In Cuban history these two conceptions acquired an oppositional sense, exclusionary: the founding Revolution [i.e. the war of independence from Spanish colonial rule], which gave birth to the homeland, and the conservative Reform, tool of a submissive, anti-national elite. The revolutionary spirit required national independence; the reformist, dependence. The late 19th century autonomists that clamoured for the imperishable hispanidad of Cuba, when the only alternatives were annexation by the US or complete independence, opted for the former.     

In an unpublished letter dated September 3, 1899, addressed to the annexationist Cuban-American Jose Ignacio Rodriguez — preserved in the archives of the Library of Congress in Washington — the president of the Cuban Liberal Autonomist Party, Jose Maria Galvez, wrote in a conspiratorial tone: "Complete independence is the illusion of the day, fomented by the "patriots" and cherished by the mulatto mob. It should dispelled before demonstrating that annexation must be achieved in any case, in the same way that for all Catholics every road leads to Rome. I believe I've said this to you before, and I repeat it now: all those with something to lose, those who aspire to acquire and the Spanish masses in general, hope for annexation". In any event, if you want to look through the keyhole at the historical reconstruction that would accompany a victorious Cuban counterrevolution, take a peek at present-day [ex-Soviet bloc] Eastern European societies.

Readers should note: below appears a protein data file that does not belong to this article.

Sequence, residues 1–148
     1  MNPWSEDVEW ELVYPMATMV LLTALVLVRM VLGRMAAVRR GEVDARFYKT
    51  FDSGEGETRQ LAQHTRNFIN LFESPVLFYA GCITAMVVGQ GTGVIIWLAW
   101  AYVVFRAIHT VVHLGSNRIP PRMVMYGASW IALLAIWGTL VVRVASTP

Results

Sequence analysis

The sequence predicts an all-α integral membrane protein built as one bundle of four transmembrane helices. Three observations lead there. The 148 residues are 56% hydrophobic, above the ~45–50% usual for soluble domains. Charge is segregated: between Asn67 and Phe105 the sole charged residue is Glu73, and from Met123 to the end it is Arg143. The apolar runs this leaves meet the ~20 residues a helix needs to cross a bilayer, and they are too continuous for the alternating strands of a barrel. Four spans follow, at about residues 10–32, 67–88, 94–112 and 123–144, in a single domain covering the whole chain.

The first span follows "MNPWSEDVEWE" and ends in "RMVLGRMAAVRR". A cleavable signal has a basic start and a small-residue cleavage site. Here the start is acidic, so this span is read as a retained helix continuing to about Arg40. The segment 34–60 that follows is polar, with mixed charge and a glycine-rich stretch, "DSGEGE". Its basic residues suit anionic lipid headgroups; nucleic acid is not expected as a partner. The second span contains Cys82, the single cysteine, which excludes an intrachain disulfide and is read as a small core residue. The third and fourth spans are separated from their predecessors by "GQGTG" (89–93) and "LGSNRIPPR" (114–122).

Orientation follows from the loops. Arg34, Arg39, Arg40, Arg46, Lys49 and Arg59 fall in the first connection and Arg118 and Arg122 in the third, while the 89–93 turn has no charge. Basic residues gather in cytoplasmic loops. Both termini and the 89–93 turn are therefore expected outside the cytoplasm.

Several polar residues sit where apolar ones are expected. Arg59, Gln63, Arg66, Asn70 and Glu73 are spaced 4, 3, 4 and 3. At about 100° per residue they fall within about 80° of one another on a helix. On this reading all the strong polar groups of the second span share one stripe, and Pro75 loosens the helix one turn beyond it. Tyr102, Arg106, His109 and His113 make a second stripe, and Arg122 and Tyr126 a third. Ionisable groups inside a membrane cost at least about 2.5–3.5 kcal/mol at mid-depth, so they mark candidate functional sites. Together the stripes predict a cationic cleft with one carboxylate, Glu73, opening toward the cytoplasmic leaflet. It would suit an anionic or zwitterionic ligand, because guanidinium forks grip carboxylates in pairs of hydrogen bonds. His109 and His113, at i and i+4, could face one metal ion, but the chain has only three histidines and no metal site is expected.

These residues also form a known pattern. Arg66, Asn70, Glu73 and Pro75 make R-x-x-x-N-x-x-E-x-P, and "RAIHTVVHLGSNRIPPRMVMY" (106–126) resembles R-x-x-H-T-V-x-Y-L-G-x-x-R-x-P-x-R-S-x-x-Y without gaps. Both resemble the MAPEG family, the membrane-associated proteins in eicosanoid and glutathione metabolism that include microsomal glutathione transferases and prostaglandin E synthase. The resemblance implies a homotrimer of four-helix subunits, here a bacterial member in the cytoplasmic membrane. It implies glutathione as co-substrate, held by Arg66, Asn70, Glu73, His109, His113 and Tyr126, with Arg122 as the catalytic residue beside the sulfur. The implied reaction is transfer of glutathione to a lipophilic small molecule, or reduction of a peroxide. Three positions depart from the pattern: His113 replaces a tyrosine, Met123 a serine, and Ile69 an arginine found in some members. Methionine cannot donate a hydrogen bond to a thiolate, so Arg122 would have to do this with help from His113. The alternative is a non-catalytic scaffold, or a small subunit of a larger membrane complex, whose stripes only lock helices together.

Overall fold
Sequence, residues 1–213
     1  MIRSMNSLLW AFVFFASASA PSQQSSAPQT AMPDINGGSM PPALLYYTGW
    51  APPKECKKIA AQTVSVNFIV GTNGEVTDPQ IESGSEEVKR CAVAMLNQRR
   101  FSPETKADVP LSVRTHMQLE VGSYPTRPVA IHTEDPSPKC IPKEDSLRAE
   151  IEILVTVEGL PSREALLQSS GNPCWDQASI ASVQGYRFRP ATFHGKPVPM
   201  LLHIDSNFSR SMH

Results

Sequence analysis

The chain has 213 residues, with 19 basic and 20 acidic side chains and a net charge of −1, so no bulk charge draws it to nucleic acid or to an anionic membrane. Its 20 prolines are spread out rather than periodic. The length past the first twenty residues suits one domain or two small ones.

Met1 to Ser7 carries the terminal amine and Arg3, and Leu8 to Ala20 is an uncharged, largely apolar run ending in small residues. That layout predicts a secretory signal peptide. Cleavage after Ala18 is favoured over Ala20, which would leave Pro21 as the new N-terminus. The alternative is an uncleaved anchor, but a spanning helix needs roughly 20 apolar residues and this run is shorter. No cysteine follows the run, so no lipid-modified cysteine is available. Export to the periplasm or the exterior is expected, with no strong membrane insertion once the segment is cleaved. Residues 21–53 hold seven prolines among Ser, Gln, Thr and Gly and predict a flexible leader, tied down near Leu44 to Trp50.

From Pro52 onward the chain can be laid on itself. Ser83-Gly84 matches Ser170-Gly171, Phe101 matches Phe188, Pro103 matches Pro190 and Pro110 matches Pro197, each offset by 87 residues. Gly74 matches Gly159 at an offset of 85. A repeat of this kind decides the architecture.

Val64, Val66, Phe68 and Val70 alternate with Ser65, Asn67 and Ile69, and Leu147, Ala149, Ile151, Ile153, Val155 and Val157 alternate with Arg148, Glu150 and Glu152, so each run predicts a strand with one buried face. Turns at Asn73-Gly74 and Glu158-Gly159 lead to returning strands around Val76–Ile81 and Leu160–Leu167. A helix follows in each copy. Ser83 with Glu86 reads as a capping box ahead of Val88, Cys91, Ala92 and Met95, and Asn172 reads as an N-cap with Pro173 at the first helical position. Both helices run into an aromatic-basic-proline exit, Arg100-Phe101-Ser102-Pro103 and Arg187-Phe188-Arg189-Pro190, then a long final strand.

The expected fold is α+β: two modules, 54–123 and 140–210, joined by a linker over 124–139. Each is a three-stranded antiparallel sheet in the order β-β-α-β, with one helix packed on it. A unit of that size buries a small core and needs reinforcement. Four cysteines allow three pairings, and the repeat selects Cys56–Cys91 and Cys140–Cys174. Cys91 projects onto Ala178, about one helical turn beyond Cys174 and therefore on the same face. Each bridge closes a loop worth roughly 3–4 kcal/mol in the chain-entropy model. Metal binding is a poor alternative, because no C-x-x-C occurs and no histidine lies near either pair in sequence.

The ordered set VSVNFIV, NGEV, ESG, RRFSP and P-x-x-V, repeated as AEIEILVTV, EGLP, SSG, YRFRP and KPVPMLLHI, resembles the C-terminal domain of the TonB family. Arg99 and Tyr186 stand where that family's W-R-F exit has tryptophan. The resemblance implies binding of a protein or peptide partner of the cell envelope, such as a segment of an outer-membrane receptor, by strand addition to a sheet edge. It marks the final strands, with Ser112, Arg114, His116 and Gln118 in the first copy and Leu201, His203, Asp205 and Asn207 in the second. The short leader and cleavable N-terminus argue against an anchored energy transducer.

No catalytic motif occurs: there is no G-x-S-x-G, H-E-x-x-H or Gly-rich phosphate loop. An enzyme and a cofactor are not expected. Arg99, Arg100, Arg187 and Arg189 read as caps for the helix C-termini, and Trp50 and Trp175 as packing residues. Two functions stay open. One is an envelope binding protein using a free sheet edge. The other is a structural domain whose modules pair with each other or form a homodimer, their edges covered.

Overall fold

But the revolutionary tradition in Cuba had also taken the path of Marxism in the first half of the 20th century. Important Cuban intellectuals such as Mella, Martinez Villena and Marinello, to cite just three, were party leaders; others were collaborators or sympathisers of the Party. From the Cuban workers and students came an impressive group of brilliant martyrs and leaders, more or less close ideologically to the socialist ideal. The revolutionary upsurge of 1959 — preceded by the upsurge of 1933, which lacked a centrifugal force that could pull together its diverse components — united everyone this time: the differences and sectarianisms were swept aside by the course of events, and the few who were incapable of overcoming old rancour or the yearning for leadership [rather than recognising the actual leaders of the movement] disappeared from the historical tapestry.